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US and India Chip In $50 Million Each for Green Energy Research
President Obama is currently on a tour of the Asian continent and during a press conference this morning with Indian Prime Minister Manmohan Singh announced that India and the United States are forming a new renewable partnership. The two countries are going to work together to push for new energy technology at a research institute in India that each country will put $5 million into annually for the next 10 years — $100 million for green energy sounds like a pretty substantial investment to us.
“We agreed to deepen our cooperation in pursuit of clean energy technologies, including the creation of a new clean energy research center here in India, and continuing our joint research into solar, biofuels, shale gas and building efficiency,” President Obama said this morning at the press conference. Though we applaud the President and the Prime Minister’s efforts to further renewable energy use, we’ve got to point out one glaring problem with their plan. Shale gas is not a clean green energy source. Though it may burn cleaner than coal or crude oil, the effort it takes to remove it from the earth — sometimes known as fracking — puts its life cycle of carbon emissions sky high.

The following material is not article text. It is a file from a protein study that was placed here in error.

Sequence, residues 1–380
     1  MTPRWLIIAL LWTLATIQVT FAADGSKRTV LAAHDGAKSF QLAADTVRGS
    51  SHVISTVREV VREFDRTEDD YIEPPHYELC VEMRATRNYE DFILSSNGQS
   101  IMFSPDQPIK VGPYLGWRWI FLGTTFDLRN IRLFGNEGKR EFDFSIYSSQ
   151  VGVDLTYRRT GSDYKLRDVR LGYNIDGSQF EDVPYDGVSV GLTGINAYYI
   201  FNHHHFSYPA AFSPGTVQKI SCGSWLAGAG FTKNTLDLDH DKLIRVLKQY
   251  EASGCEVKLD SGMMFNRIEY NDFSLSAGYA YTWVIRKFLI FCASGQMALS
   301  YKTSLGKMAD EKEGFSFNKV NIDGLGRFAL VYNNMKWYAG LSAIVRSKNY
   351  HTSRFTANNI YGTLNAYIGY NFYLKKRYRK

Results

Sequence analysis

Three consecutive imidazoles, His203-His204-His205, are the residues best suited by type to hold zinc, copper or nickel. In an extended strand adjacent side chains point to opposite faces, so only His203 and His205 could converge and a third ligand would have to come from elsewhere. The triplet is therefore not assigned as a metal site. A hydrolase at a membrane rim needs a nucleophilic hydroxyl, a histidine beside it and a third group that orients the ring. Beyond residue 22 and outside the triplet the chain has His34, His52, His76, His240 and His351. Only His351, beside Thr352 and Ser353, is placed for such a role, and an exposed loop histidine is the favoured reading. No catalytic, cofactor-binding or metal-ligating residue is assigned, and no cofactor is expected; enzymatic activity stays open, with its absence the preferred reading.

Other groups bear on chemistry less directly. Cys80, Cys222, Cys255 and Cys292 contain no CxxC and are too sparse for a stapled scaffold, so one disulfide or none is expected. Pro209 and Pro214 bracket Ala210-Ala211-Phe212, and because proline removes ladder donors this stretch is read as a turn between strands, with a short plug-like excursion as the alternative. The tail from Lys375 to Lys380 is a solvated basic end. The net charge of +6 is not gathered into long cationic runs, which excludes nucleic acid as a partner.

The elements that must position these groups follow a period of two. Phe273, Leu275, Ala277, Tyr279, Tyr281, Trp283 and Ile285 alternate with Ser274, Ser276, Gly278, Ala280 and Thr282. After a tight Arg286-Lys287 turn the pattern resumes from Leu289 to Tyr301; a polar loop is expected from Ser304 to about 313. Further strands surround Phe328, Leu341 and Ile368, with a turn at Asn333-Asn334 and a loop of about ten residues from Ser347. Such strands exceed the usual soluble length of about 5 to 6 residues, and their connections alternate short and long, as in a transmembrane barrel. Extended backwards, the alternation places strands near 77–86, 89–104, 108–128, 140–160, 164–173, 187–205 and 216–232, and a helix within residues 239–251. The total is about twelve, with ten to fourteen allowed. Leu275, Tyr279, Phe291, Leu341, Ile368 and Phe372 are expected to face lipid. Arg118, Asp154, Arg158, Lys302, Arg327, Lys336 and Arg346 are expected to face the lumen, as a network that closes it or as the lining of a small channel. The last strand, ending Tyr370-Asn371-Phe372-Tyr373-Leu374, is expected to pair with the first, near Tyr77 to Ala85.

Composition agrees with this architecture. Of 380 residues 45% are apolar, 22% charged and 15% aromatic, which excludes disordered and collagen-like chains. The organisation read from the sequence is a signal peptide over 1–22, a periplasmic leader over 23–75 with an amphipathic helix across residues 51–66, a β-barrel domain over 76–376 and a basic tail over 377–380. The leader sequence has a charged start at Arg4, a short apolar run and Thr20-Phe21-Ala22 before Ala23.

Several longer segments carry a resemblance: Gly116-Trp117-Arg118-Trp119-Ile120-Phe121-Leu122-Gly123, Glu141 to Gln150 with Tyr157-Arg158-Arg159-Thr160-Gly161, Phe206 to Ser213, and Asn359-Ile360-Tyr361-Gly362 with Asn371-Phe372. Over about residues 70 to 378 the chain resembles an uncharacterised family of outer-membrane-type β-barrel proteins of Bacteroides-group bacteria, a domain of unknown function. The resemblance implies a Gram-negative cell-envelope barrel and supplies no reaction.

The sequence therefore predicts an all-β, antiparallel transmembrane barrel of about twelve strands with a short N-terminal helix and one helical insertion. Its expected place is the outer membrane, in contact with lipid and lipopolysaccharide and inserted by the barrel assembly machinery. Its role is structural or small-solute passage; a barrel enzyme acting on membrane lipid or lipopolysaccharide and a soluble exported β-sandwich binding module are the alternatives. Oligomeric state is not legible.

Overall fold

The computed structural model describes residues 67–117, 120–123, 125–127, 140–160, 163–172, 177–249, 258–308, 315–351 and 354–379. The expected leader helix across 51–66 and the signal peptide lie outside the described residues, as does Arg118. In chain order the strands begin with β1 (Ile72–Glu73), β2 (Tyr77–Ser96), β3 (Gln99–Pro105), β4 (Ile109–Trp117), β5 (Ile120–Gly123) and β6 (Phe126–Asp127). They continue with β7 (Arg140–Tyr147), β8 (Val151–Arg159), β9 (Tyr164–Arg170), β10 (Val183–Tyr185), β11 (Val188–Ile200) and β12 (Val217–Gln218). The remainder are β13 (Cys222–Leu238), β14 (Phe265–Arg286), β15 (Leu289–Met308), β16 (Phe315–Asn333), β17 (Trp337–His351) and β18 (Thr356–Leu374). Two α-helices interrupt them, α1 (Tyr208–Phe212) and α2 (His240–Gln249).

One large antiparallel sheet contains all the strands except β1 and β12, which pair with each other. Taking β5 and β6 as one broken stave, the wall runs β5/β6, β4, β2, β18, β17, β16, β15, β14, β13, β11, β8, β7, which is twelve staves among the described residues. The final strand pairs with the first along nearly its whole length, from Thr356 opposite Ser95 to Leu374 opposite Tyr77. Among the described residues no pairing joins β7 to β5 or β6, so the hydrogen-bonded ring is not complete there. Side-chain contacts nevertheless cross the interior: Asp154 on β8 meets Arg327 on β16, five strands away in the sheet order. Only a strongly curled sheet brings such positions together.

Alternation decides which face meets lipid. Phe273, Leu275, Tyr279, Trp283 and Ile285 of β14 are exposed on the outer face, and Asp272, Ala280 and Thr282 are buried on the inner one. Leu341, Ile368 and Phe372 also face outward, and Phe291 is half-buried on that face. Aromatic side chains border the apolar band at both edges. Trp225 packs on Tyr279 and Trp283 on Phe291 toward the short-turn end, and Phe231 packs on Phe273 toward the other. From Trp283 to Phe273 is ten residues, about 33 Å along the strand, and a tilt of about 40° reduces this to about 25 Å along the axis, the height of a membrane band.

We’re hoping that the two countries decide to make shale gas their lowest priority – and there is evidence that they may be thinking the same. The agreement has the two nations focusing on research into “solar energy, second-generation biofuels and building efficiency” first. India is one of the world’s largest per-capita energy consumers and currently most of their energy comes from the dirtiest of sources — coal, gas and liquid fuels. Hopefully this partnership will infuse their energy market with a whole bunch of non-emitting sources and with their population of over 1 billion people, bring the world’s green energy use up and emissions down.
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